Introducing the CachedRepository Pattern

Introducing the CachedRepository Pattern

In this first part of a series on adding support for caching to the Repository Pattern, I’d like to show how to very simply control whether or not caching is performed on a per-repository basis through the use of an Inversion of Control Container.  In this case, I’ll be using StructureMap with ASP.NET MVC 3.  One of the primary goals of this implementation is to follow principles of object oriented design, in particular the Single Responsibility Principle and the Don’t Repeat Yourself Principle.

To start, take a look at the MVC Music Store sample application.  The Jan 13 2011 release doesn’t include any usage of the Repository pattern, so the first thing we will do is add a simple repository to it.  The initial HomeController, which you can view online here, includes code like this:

 

 

The first step of course is to pull out the data access into an interface, implement the interface, and inject the interface into the class via its constructor.  The revised HomeController looks like this:

 

In order to make this work, we had to create an interface and a default implementation of that interface, like so:

 

Finally, we had to configure StructureMap in ASP.NET MVC 3, which you can also do by issuing the following NuGet command:

With StructureMap wired up, we simply need to ensure that it knows to provide the EfAlbumRepository class whenever a type of IAlbumRepository is requested, which this achieves:

 

Now at this point if you’ve been following along, you should be able to run the Music Store application and it should do exactly what it did before (which, ideally, is to run correctly and show you the store’s home page).  Let’s assume that’s what you get.

Implementing a Cached Repository

At the most basic level, implementing a cached repository is simply a matter of overriding the methods of the base repository implementation (which must be marked as virtual), and then updating the IOC container’s registration to use the new type.  Implementing a CachedAlbumRepository would look something like this:

 

Note that although the above code does use best practices for implementing caching logic, it is using a hard-coded cache duration, which should be avoided.  We also would find that as we implemented this approach again and again for various repository methods, we would have a lot of duplicate code, in violation of the DRY principle.  The next article in this series will address these concerns.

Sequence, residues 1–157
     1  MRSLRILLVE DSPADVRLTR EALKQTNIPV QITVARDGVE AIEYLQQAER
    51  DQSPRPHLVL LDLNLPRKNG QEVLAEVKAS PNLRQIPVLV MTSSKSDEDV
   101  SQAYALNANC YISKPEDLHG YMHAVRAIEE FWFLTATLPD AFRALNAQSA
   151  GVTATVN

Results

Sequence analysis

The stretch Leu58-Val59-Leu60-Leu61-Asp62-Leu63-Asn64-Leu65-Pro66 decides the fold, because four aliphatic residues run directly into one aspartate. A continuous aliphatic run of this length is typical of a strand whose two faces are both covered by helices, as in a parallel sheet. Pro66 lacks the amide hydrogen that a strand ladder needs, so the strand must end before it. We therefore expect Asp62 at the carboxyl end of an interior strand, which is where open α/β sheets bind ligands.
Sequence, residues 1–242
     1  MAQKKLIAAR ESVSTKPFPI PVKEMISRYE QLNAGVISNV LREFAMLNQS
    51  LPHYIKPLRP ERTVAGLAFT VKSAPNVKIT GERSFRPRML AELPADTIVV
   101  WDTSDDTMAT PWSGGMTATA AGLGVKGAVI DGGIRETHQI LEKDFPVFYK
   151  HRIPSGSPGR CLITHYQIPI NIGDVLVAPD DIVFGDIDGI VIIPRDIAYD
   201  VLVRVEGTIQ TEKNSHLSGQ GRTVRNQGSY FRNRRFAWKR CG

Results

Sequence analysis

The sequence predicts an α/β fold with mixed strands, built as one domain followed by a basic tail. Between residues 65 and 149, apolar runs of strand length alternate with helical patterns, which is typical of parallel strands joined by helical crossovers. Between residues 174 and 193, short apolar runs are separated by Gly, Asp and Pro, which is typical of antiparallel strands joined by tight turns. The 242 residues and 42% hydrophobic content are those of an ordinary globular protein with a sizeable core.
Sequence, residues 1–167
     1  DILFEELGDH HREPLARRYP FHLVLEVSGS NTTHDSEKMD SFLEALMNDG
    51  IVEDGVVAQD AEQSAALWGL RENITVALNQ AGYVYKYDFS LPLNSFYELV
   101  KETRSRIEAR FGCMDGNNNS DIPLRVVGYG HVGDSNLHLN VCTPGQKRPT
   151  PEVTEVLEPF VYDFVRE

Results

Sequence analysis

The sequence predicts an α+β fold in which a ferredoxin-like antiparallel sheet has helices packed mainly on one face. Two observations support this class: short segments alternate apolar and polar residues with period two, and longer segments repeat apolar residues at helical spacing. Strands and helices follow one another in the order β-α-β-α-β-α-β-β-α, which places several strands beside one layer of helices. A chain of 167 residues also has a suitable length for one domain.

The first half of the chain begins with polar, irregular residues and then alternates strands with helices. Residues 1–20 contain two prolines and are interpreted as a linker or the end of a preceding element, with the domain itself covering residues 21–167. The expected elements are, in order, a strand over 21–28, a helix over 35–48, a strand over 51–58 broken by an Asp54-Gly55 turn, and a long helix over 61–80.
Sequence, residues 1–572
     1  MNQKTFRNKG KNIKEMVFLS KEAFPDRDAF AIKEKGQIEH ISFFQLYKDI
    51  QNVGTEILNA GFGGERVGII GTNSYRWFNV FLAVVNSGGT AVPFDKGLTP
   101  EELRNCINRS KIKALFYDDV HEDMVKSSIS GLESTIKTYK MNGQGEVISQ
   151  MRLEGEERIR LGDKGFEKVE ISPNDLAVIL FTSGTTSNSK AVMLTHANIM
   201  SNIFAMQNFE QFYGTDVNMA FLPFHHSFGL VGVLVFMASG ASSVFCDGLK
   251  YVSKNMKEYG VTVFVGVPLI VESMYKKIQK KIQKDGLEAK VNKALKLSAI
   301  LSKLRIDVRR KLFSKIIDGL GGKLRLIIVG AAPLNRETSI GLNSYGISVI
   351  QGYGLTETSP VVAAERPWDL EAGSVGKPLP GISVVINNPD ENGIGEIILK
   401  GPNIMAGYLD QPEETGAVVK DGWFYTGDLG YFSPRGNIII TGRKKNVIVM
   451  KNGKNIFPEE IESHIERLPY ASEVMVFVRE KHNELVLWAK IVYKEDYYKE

The above code is an example of the Proxy (or perhaps Decorator) design pattern.  Proxies are all about controlling access, and the CachedAlbumRepository controls access to the EfAlbumRepository by first checking to see whether the data exists in the cache (one could make the argument that this is about adding behavior to the underlying repository, in which case the Decorator pattern, which has the same structure, would be the more appropriate label).  PluralSight has a nice video series on Design Patterns.

Wiring it up in the IOC container is simply a matter of replacing the existing x.For<IAlbumRepository().Use<EfAlbumRepository>(); line with this one:

Now, if you hit the site and monitor the debug output using a tool like DebugView, you should see something like this as you start and then refresh the page:

DebugView_CachedRepository

With this in place, you’re now ready to start controlling whether your individual repositories are using caching or not through your IoC container.  This makes performance testing and tuning much easier, as you’re now able to compare test results with and without caching for any given part of the application by changing one line of code in one class (the IoC.cs class in this case).

You can view and download the code used in this article from the MvcMusicStoreRepositoryPattern fork on CodePlex.

In the second article in this series, we look at how to achieve the CachedRepository pattern using the Strategy Pattern, rather than simple inheritance.